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Waffleween - Halloween: Resurrection (2002)

Directed by: Rick Rosenthal
Starring: Jamie Lee Curtis, Busta Rhymes, Brad Loree, Tyra Banks, Bianca Kajlich, Katee Sackhoff

A group of students spend a night in the Myer's house as part of an online event.

Following the success of "Halloween 4" in 1988, producer Moustapha Akkad immediately rushed out an unwatchably bad follow-up. Strangely, he didn't seem in a rush to capitalize on the positive reaction to 1998's "Halloween H20", waiting four years to produce this unwatchably bad follow-up. In the mid to late nineties, slashers were big business but by this film's release in 2002, the fad was dead. Horror had returned to the shelves of rental stores and, were it not for the presence of Curtis, I suspect "Halloween: Resurrection" wouldn't have made it to the big screen. This film feels small in every regard.
With "Halloween 2" director Rosenthal returning, there was some reason for fans to be hopeful and the opening scene gets us on board as Myers finally fulfills his wish of killing his sister, now resident in an asylum. But wait, didn't Curtis chop off Myers' head at the end of "H20"? She sure did, but here the writers find a "creative" way of getting around this. After the first fifteen minutes however it all goes downhill faster than a severed head in a laundry chute. Rhymes and Banks are a pair of internet entrepeneurs, (yes, a rapper and a supermodel, welcome to the noughties), whose company, "Dangertainment", has gained access to the now deserted Myers' house. They've placed cameras around the place and have recruited a bunch of teens to spend the night in the home of "America's Most Notorious Serial Killer".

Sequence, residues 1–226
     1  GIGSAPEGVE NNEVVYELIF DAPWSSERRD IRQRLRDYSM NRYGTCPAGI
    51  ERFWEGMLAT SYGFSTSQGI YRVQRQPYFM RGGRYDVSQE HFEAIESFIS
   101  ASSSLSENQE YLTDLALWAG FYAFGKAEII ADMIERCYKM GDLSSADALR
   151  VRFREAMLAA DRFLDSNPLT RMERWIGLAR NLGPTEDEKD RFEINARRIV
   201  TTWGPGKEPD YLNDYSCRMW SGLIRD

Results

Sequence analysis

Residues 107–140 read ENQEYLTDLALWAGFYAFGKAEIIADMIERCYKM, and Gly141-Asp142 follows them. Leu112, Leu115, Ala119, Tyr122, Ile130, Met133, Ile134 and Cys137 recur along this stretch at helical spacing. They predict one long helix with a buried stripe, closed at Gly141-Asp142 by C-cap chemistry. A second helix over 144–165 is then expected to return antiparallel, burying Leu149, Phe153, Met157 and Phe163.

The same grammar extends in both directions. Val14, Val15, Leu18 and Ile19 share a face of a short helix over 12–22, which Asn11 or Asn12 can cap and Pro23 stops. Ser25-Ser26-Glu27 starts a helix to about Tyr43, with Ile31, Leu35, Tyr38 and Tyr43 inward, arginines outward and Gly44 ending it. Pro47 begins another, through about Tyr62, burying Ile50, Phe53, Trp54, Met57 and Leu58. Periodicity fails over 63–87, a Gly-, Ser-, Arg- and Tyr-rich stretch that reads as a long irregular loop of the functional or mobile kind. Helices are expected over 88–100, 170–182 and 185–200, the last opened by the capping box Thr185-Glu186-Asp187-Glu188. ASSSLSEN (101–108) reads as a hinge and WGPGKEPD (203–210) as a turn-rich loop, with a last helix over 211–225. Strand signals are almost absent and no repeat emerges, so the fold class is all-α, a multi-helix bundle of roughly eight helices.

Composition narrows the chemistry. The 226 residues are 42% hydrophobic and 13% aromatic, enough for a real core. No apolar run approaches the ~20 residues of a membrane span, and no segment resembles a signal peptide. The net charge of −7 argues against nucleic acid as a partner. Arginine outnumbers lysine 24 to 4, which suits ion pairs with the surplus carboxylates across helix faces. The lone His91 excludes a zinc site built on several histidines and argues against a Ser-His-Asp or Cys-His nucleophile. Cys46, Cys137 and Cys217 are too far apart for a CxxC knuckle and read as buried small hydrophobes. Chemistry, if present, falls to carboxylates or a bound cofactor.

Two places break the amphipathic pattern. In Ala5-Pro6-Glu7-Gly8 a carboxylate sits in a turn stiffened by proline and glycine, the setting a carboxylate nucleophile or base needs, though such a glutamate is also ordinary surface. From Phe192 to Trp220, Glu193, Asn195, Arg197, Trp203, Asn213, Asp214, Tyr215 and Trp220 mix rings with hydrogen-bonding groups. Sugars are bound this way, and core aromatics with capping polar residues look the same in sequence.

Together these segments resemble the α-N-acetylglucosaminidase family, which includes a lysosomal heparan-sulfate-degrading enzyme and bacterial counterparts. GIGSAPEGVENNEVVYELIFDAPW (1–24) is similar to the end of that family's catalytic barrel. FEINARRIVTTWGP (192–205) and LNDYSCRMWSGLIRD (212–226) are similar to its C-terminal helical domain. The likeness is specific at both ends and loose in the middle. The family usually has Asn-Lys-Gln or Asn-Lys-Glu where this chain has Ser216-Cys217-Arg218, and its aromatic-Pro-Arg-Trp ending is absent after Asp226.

If it's anything, (and believe me, it's not), "Halloween: Resurrection" is ahead of its time. With its "house rigged with cameras" gimmick it prefigures both the current found footage fad and "Big Brother" style reality TV. This is not what we want from a "Halloween" movie though. Rosenthal's direction is bland enough to highlight how much of an input John Carpenter had on "Halloween 2" and the writing is sophomoric and amateurish. The biggest problem is how ineffectual Myers comes across and seeing him beaten around by a rapper is a new low for the franchise. Predictably, the movie didn't fare too well, certainly not with fans, and the series would be shelved for five years. As bad as this eight installment is, the worst was yet to come.

Eric Hillis